Such was the case today, as Val tried to stop an annoying drip from our hose connection at the back of the RV. He hates leaks. No matter what he tried, there was always a wet spot under the rig. That's when Chuck, our neighbour, strolled over and offered to take us to his favourite RV supplier in his truck. He also said we could drop by at Walmart to pick up a filter for our water supply -- that got me excited, as there were a few other items we'd noted that we could pick up there at the same time. So, off we went, with me in the back seat, and Val and Chuck up front exchanging war stories from their working days with great gusto.

After a successful outing, Val was out there attaching the new filter and dealing with the drip again, when another couple stopped to chat. Then some more folks meandered by and joined in the conversation. Before we knew it, most of the day had passed and we'd hardly done anything -- but we'd had a lovely time doing it!

It has been breezy and fresh again today, and delightfully cool overnight, promising another peaceful sleep in our little home on wheels.

Tuesday, March 19, 2019

Shanks mare

Dunedin, FL – The patter of raindrops on our RV rooftop told us this morning that we probably wouldn’t need the sunscreen any time soon. And the thermometer reading of 55 degrees nixed the shorts and sandals to boot! However, we’d slept soundly and in comfort, with nothing to complain about.

Our plan for the day was to get Val’s cellphone up and running with a U.S. SIM card from T-Mobile. Some years back we’d been stung by unexpected roaming charges from our Canadian service provider when we used our cellphones outside the country; a surprise we did not want to repeat. We decided to head over to the store on foot, for the exercise as much as to avoid unplugging the water and electricity which tethered the RV to our site. It wasn’t raining very hard by that point anyway.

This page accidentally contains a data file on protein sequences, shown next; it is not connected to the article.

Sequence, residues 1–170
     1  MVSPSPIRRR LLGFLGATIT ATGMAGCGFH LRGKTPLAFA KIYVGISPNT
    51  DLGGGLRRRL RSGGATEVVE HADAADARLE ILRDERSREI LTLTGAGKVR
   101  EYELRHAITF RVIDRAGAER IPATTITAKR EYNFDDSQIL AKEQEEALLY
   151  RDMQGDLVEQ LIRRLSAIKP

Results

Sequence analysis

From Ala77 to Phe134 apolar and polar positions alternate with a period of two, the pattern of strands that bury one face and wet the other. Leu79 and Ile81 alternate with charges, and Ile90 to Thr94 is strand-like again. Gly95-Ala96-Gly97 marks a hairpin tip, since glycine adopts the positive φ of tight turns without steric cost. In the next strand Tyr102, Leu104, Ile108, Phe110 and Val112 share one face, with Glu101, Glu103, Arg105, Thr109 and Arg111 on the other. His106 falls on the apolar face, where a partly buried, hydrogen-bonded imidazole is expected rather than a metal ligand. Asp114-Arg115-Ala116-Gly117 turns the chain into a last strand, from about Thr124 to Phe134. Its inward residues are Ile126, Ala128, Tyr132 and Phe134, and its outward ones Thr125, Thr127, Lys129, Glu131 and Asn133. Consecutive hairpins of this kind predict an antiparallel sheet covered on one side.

We stopped in at the clubhouse first to post some mail and talk to the park manager, and as soon as we stepped inside we were greeted with cries of recognition and hugs from a group of park regulars! It was delightful! I just wish my mental databank of names was a bit easier to access after a year’s absence!

There were a few other customers at the cellphone store when we got there, but our wait to be served was short. Getting Val’s phone unlocked, its Canadian SIM card replaced with an American one, and a new account set up was not short – and there wasn’t a bench or chair in the whole place! We must have been there for the better part of an hour. Still, Val was delighted to have all his favourite apps at his fingertips once again.

Just before we left, a customer came in for some help with her cellphone, and then asked for her umbrella. Turns out it was T-Mobile Tuesday, when they give out free umbrellas! We asked if we could have one too, and they gave us one each – a black one for Val and a T-Mobile pink one for me! Perfect for today’s weather! I used mine all the way back to the park, once again providing free advertising for a U.S. enterprise. Well, the price was right!

Next to the mall as we were walking back, we noticed a line of small trees with plaques in front describing each one. It was a mini-arboretum of local trees, the most beautiful one bearing showy yellow blossoms. Unfortunately, it was the only tree without a plaque, so I still don’t know what sort of tree it was, but it sure looked pretty.

After supper this evening, we set about sticking up removable hooks in various strategic spots, so now we will be able to free up a bit more cupboard and drawer space by hanging some items on them. We’re gradually getting settled, and we’re also realizing how glad we are to be RVers once again.

Monday, March 18, 2019

The geyser!

Dunedin, FL – We have reached our destination! We’ve parked the RV on a lovely concrete pad in the Dunedin RV Park, had a nice supper and even had a friendly chat with some of our old friends from previous visits. It’s almost like coming home.

Our travel itinerary today was amended by a conversation we had in a Wal-Mart parking lot the other day. We learned that Interstate 4, the principal east-west corridor we’d planned on using, would be congested with traffic and construction much of the way, so we decided to cross from the Atlantic side to the Gulf side via State Route 50. We could follow most of the route on our paper map, but the spaghetti pile of highways around Orlando made it impossible to trace the 50 through to the other side. It looked like we could get through, so we set off with our GPS on “view map” and hoped for the best.
It was nice to get a glimpse of the Atlantic Ocean as we started southward on Highway 1 from Titusville. The scenery changed to stretches of country until we got closer to Orlando, where it was pure suburbia for miles. However, this gave us the opportunity to pull off at a mall to shop for collapsible lawn chairs at a sports store called Dick’s. We were amazed to find a pair of chairs on sale for $6.95 each!

A little further along, we found The Home Depot, where we picked up one of those lightweight garden hoses that shrink down to nothing, some batteries and a few removable hooks to increase the storage possibilities of the RV. It was satisfying to check those items off our list!